The costume included four layered skirts and petticoats that were incredibly heavy to wear. Here again there was that attention to detail— several of the layered skirts had traditional Swedish embroidery on them and yet you don’t see that or notice it. But for Chanelle, the most important part of a costume is the shoes. “If you have the right shoes, you are able to walk the part from the soles up,” she says. Annekje’s shoes were old, worn shoes that suited the part of a goat herder living on board a ship as the only woman amongst a crew of 300 odd men for months at a time. ”I couldn’t be pretty,” she says. “I had to think about what it would be like to live in that situation.”
Now, about those goats….they were all terribly well-behaved, well-trained goats. Not one of them did anything remotely naughty as the goats I have known did. And not just the goats—the pigs and chickens, too. All the animals are accustomed to being on sets and have their handlers close by to reassure and assist, if necessary. Even the cheese that she offered in the one scene was genuine Chevin goats milk cheese.
It wasn’t just the animals who were well-trained. All the crew on board the ships were local South Africans who are trained to deal with the ropes, sails and other gear. They are not first and foremost actors, but rather more in the line of stuntmen who dressed for the parts they had to play. Chanelle says she was so proud of the South African crew. “They were so professional and hard working. Out of Africa, the production company, did a superb job—everything was top notch. The Cape Town Film Studios itself is an incredible facility with state-of-the-art features, such as lighting and “anything else you can think of.”
Apart from attention to detail, the other thing that struck Chanelle was how professional everyone was and, at the same time, so friendly and down-to-earth. “You don’t feel intimidated, rather they treat you as if you are an equal.” This was particularly true of Cait, with whom Chanelle worked most closely. “She is the most amazing actress I’ve ever met,” she says. “We were able to make a beautiful connection. Caitriona isn’t like a lot of top actresses with big egos who want to be the centre of attention all the time. She usually sits off somewhere reading a book while on a break between shots. She is just lovely and deserves every success she has.” Chanelle is also thrilled with the photograph of the two of them together that Caitriona gave her on her last day of filming. “She said that I look just like one of her sisters,”Chanelle says.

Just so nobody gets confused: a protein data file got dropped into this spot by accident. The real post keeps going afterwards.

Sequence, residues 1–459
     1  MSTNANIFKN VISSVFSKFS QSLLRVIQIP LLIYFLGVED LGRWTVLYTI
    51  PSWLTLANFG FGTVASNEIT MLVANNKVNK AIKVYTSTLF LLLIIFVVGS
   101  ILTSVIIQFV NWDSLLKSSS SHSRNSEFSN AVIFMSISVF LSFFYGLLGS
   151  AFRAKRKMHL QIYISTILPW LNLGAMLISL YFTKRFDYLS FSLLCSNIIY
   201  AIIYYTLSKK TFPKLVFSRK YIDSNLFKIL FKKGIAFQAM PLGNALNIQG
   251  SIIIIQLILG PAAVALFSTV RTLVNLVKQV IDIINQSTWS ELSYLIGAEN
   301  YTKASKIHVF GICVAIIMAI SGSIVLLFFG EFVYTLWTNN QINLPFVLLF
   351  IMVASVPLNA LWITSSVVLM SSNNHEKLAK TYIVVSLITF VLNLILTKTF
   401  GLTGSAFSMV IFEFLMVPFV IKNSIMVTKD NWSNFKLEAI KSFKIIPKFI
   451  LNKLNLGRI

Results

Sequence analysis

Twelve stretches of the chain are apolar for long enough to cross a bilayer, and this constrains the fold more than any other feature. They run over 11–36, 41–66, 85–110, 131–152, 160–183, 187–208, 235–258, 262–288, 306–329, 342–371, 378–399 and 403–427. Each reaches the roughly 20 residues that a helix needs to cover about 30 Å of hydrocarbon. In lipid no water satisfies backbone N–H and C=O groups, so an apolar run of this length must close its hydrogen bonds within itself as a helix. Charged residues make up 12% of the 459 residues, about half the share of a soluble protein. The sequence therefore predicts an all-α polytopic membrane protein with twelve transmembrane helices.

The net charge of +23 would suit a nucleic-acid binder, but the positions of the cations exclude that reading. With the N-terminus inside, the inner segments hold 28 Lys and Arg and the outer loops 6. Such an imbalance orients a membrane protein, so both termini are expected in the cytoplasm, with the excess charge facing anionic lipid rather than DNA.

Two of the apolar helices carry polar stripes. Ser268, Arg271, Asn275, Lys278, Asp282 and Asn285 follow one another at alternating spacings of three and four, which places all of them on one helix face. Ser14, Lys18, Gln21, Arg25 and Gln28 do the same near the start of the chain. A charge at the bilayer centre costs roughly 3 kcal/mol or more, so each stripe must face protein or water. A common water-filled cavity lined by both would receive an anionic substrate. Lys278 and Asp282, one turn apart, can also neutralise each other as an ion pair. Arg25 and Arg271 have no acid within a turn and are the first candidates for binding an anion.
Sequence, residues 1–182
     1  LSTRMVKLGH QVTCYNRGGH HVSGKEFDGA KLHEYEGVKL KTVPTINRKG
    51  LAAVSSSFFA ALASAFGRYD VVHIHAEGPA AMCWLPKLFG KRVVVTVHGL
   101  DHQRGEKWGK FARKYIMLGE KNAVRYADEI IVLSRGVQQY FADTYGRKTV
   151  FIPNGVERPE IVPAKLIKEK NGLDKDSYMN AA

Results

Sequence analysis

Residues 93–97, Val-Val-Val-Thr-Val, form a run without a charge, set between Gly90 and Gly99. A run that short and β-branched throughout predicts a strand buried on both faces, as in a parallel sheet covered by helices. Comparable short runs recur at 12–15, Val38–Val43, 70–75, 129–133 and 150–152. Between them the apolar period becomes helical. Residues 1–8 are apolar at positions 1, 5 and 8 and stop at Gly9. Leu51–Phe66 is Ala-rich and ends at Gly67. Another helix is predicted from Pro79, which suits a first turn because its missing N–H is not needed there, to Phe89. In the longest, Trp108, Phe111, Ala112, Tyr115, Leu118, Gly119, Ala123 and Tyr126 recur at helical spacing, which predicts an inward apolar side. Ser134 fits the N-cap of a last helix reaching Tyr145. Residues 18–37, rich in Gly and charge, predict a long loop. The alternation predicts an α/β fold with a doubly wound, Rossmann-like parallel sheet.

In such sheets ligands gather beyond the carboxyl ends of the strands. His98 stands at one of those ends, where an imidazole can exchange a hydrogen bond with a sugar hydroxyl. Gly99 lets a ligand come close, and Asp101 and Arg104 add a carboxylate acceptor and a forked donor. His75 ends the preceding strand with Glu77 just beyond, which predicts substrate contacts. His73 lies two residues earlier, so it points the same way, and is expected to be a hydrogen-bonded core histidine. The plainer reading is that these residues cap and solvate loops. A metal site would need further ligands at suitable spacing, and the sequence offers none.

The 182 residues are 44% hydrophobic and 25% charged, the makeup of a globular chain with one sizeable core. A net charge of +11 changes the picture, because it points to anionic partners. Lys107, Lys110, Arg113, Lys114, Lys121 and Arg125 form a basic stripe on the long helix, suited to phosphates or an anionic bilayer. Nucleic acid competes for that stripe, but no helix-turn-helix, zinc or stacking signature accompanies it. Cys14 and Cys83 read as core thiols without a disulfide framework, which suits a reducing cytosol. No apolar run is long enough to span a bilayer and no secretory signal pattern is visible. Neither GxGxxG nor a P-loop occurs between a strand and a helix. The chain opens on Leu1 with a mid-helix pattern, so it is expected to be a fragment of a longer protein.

So what about Sam? Chanelle says he had a ball while in South Africa. He enjoyed the night life in Cape Town, which was near at hand as the cast and crew stayed at the Waterfront of Cape Town Harbour. Then, of course, there was all the opportunities for outdoor exercise. “I wouldn’t have survived with Sam,” Chanelle says of working with Sam. “I couldn’t have a gotten a word out—he’s perfect!!” (and so say all of us!). She was overwhelmed when he brought her a glass of wine and made sure she was comfortable and happy at the wrap party.
The last night of shooting their block was utterly memorable. They were shooting on the beach and Annekje had to help Claire escape. There was a tremendous thunderstorm going on with lightning so they would rush out on to the beach take a quick shot and then have to pick up all the gear and run up the beach for shelter before returning once more. “When I shouted at Claire, ‘Go now,’ there was a huge clap of thunder, and Cait and I screamed and grabbed each other like two scared little girls.” That scene made the blooper reel shown at the wrap party, which was “great fun and the end to a wonderful experience.”
What was your favorite part of the Goat Lady?